Another clue to a leaking evaporator is if the air coming out of the ducts is too cold right after recharging the system. Pressure in the evaporator is carefully controlled to never go below around 40 pounds which coincidentally equates to 40 degrees. That is high enough to prevent the condensed water from freezing into a block of ice that would block air flow. When you blow a lot of 80 degree air through a 40 degree evaporator, you get 60 to 65 degree air from the ducts, which can be uncomfortably cold. If you stuff a thermometer in a center duct and find the air is colder than, ... Oh, ... Around 50 to 55 degrees, that is not due to air that's being cooled. That is due to escaping refrigerant. I have the same stuff in spray cans used to cool components in car radios and tvs when they're suspected of having a thermal failure. That stuff can get down to -60 degrees when it vaporizes. A properly-working AC system can not deliver air that is below about 60 degrees so if you find anything colder, follow the cold to the source of the leak.
Even a big leak in the evaporator can be hard to find with an electronic leak detector because first of all, pressures are higher in the "low side" of the system when it's turned off. The pressure in the entire system will be fairly close to outside air temperature, so let's say 80 degrees. That's when a leak in the evaporator is more likely to occur but the vapor is going to pool inside the heater box where the leak detector can't reach. When the system is running, the compressor pumps the high side, (under the hood) to a higher pressure so a leak there will get worse, and the vapors will be blown away by the radiator fan and not be detected. The pressure in the evaporator goes way down when the system is running, so a leak there will slow down or stop. Low-side leaks inside the cab typically get worse when the system is off, but the fan has to be run at a slow speed to blow the vapors out of the ducts.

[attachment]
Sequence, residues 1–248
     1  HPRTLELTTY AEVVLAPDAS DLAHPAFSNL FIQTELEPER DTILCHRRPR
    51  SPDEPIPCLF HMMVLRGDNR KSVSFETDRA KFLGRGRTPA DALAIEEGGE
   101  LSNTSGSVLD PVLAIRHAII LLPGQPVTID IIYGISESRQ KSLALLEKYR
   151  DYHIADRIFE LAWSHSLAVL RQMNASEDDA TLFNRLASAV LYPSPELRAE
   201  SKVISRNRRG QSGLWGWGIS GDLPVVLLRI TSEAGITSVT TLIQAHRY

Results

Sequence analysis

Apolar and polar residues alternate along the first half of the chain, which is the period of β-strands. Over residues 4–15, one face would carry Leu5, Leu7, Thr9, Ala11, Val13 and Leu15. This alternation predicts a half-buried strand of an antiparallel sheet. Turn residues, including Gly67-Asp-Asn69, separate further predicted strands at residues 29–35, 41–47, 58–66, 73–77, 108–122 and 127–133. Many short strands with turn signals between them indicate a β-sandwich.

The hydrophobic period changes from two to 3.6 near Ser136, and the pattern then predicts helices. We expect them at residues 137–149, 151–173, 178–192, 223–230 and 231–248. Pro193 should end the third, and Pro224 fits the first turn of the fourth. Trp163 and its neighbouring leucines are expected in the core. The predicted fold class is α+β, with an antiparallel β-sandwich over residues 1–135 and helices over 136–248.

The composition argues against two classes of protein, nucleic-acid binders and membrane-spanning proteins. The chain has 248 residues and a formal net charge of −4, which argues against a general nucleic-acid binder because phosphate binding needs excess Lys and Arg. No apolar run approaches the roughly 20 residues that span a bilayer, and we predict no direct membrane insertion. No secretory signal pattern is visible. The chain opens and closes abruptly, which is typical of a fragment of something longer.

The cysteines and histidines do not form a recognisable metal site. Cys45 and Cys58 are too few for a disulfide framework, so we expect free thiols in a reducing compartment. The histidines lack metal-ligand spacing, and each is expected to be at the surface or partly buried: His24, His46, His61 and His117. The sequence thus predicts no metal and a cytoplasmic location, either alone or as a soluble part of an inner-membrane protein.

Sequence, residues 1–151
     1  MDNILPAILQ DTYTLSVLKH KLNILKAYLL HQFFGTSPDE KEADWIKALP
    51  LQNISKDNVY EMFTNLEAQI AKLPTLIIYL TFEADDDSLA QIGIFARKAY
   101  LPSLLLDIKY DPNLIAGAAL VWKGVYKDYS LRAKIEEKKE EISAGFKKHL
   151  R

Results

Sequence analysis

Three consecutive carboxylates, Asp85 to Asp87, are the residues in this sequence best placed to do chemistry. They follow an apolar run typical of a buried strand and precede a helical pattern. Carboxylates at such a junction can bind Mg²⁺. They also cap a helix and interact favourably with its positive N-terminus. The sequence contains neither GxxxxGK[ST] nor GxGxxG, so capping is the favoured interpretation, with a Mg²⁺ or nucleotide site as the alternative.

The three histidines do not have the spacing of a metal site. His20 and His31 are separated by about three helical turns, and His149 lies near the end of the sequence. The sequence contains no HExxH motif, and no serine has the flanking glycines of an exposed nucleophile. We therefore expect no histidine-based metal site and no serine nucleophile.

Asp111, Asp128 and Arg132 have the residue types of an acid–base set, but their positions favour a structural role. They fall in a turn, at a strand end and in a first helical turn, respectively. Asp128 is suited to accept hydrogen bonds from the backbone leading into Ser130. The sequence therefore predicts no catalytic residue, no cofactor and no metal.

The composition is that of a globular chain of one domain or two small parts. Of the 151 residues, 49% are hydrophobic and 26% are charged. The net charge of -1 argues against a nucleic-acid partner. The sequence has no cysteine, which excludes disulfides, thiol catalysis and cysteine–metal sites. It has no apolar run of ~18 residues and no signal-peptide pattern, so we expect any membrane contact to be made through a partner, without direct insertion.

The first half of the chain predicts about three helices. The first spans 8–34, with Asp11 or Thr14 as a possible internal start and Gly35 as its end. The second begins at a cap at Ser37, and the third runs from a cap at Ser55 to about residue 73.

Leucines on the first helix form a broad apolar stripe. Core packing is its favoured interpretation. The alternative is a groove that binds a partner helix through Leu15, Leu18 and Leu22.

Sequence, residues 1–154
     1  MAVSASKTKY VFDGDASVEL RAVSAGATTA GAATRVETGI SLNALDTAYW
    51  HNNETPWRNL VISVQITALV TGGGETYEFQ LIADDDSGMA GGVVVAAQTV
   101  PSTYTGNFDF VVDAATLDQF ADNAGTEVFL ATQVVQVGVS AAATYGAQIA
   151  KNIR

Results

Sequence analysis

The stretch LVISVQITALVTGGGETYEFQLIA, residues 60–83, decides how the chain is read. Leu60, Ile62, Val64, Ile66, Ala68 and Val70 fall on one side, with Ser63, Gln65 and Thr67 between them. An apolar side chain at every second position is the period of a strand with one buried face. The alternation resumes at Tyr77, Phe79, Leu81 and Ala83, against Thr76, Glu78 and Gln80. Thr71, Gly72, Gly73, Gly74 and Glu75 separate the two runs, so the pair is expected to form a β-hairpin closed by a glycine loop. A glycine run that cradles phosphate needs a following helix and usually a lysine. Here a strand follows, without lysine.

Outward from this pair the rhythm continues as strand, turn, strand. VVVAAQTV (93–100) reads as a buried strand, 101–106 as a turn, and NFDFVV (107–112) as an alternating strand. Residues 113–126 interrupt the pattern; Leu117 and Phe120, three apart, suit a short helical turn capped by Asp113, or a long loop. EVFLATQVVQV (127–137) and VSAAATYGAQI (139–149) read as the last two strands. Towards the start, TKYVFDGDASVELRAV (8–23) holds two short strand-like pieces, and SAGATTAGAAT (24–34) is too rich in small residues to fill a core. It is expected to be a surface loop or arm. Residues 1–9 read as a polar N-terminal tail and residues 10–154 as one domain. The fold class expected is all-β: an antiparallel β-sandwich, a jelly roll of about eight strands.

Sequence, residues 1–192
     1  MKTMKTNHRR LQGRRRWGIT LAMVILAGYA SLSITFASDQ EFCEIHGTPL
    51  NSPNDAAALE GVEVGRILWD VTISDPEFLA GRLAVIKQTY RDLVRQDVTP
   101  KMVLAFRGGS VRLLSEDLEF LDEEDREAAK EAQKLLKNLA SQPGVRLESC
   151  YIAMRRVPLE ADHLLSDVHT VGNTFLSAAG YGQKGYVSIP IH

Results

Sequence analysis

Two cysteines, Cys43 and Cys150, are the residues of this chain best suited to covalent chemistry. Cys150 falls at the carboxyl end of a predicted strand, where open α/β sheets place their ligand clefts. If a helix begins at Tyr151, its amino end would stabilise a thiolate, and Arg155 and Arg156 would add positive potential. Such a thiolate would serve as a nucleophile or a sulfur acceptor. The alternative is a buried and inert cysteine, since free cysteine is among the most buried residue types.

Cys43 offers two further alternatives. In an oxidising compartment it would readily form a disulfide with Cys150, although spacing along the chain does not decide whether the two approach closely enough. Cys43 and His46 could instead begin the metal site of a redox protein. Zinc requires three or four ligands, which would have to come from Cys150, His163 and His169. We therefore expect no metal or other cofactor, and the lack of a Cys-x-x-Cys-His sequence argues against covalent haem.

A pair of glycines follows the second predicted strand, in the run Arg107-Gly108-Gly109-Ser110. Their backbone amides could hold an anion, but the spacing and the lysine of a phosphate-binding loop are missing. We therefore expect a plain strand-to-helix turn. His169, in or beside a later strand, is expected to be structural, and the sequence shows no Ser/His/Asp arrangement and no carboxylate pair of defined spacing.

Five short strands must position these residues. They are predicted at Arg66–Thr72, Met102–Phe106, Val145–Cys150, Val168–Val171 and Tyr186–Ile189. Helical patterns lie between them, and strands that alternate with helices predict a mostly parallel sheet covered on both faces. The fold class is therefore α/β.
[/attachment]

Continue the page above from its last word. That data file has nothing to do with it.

To complicate it even more, by running the heater fan with the engine off, a leak under the hood can produce vapors that get drawn into the fresh air intake, blown through the evaporator, and come out the ducts where it can be falsely detected as an evaporator leak. Now you get an idea of why some leak locations can be so hard to find. That's where the dye is especially useful, as long as you can see where it's showing up.
Friday, February 24th, 2012 AT 10:12 PM